When we’re frightened, the part of the nervous system is activated that makes our adrenaline surge. Our heart beats faster and our blood pressure rises in a “fight or flight” response that can only be released by screaming or running away. Cardiologist Howard Bush says, “It’s survival.”

Daniela Lamas writes in the Miami Herald that it might actually be possible to be scared to death. A genetic disorder that affects the heart’s rhythm, long QT syndrome, can cause the heart to go into spasms following physical exercise, intense emotion, or a startling noise. But in general, it’s not a single scary moment that kills people, it’s a long history of disease.

Cardiologist Robert J. Myerburg analyzed the number of cardiac deaths in Los Angeles on the day of the 1994 earthquake and found that sudden cardiac deaths increased by more than four. Despite this, the number of sudden deaths was lower than usual in the six days after the earthquake. To him this suggests that a stressful, frightening event only speeds up cardiac deaths that would have happened soon anyway. He says, ”I generally don’t believe that fear itself can cause death.”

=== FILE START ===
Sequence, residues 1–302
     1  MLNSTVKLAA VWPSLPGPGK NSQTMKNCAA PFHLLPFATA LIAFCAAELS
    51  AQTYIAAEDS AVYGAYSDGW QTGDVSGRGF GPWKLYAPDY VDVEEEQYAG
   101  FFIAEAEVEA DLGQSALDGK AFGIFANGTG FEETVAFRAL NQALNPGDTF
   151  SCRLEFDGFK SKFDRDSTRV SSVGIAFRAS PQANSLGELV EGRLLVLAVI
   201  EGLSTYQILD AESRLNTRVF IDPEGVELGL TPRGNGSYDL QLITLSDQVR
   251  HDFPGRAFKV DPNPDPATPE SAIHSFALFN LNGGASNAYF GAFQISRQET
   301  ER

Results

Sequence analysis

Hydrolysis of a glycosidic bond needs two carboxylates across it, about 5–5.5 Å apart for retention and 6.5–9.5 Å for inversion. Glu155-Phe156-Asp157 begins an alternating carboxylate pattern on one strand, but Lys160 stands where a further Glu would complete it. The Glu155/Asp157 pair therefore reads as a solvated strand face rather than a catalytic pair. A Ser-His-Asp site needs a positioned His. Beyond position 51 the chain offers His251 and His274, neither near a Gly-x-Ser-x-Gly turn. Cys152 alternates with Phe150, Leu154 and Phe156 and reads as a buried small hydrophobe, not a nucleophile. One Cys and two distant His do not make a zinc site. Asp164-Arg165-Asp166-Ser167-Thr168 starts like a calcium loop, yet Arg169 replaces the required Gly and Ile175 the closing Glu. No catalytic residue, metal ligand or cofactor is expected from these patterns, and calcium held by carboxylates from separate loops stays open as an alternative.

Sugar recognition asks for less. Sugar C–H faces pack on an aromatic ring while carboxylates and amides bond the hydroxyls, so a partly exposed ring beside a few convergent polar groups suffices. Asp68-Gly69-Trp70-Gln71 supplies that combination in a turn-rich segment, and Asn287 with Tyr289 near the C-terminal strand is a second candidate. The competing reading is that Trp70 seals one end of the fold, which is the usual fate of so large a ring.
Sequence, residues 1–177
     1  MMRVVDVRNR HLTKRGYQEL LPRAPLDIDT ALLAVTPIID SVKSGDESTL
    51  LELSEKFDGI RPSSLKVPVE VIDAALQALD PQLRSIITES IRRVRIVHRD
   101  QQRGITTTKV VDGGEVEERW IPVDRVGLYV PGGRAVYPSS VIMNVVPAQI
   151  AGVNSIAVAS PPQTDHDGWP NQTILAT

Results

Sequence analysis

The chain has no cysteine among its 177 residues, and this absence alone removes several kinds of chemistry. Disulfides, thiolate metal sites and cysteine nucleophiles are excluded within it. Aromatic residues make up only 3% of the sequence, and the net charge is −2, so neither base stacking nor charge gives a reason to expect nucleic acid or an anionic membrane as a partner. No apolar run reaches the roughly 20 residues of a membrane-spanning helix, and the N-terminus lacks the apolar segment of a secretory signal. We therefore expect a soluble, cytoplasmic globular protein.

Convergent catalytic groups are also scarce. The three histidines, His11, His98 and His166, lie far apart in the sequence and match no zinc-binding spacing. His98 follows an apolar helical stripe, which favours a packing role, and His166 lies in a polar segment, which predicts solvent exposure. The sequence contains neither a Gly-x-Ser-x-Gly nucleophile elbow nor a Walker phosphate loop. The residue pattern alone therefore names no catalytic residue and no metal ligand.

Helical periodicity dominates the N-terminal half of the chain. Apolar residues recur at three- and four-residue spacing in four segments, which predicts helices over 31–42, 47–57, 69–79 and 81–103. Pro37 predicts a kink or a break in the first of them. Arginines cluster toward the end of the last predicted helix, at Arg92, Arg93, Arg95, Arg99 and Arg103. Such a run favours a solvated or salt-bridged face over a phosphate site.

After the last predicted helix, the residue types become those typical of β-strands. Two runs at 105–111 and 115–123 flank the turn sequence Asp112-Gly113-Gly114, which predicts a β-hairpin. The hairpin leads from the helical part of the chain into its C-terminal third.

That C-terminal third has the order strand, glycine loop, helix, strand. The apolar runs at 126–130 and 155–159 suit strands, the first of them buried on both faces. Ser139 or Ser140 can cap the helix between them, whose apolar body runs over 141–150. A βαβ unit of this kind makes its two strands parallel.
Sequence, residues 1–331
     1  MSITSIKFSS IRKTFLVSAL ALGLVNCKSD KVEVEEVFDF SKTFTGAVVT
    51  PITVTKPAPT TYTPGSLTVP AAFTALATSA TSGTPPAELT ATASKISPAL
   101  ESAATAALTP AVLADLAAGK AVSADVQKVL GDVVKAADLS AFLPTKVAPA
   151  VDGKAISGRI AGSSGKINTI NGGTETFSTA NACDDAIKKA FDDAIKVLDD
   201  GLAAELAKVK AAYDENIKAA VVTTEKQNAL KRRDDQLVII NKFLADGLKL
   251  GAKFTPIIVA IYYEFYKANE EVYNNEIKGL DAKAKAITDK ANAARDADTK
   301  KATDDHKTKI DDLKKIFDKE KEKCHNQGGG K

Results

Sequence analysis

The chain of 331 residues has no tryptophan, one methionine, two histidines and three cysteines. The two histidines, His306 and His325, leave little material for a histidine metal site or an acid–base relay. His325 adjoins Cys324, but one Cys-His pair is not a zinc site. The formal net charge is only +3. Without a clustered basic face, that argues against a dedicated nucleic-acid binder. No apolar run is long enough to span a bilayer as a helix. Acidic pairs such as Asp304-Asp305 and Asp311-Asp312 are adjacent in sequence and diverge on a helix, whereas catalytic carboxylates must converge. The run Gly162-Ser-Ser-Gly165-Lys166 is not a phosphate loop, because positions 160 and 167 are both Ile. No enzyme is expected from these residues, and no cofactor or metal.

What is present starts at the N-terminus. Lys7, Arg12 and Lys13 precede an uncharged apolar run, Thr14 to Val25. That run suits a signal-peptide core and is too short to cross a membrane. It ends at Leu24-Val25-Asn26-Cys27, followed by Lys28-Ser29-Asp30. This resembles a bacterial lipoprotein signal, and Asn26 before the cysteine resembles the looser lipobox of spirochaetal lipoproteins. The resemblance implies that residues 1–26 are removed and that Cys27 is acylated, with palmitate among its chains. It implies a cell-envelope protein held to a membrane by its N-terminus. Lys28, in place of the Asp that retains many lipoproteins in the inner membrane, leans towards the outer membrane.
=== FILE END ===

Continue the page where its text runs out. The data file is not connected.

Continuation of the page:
But sociologist David Phillips thinks it can. He investigated the link between fatal heart attacks and fear, using a Chinese and Japanese superstition. The number 4 sounds like the word for ”death” in Mandarin, Cantonese and Japanese, and is regarded as bad luck, so it’s often left out of phone numbers or addresses, the way the number 13 is avoided here. According to Phillips’ study, Americans of Chinese and Japanese descent have 13% more sudden cardiac deaths than usual on the fourth of the month.

Test out your capacity for being scared?tune into Screamland this weekend, where we?ll be talking about ghost hunting and, for subscribers, the wicked critters called vampires.

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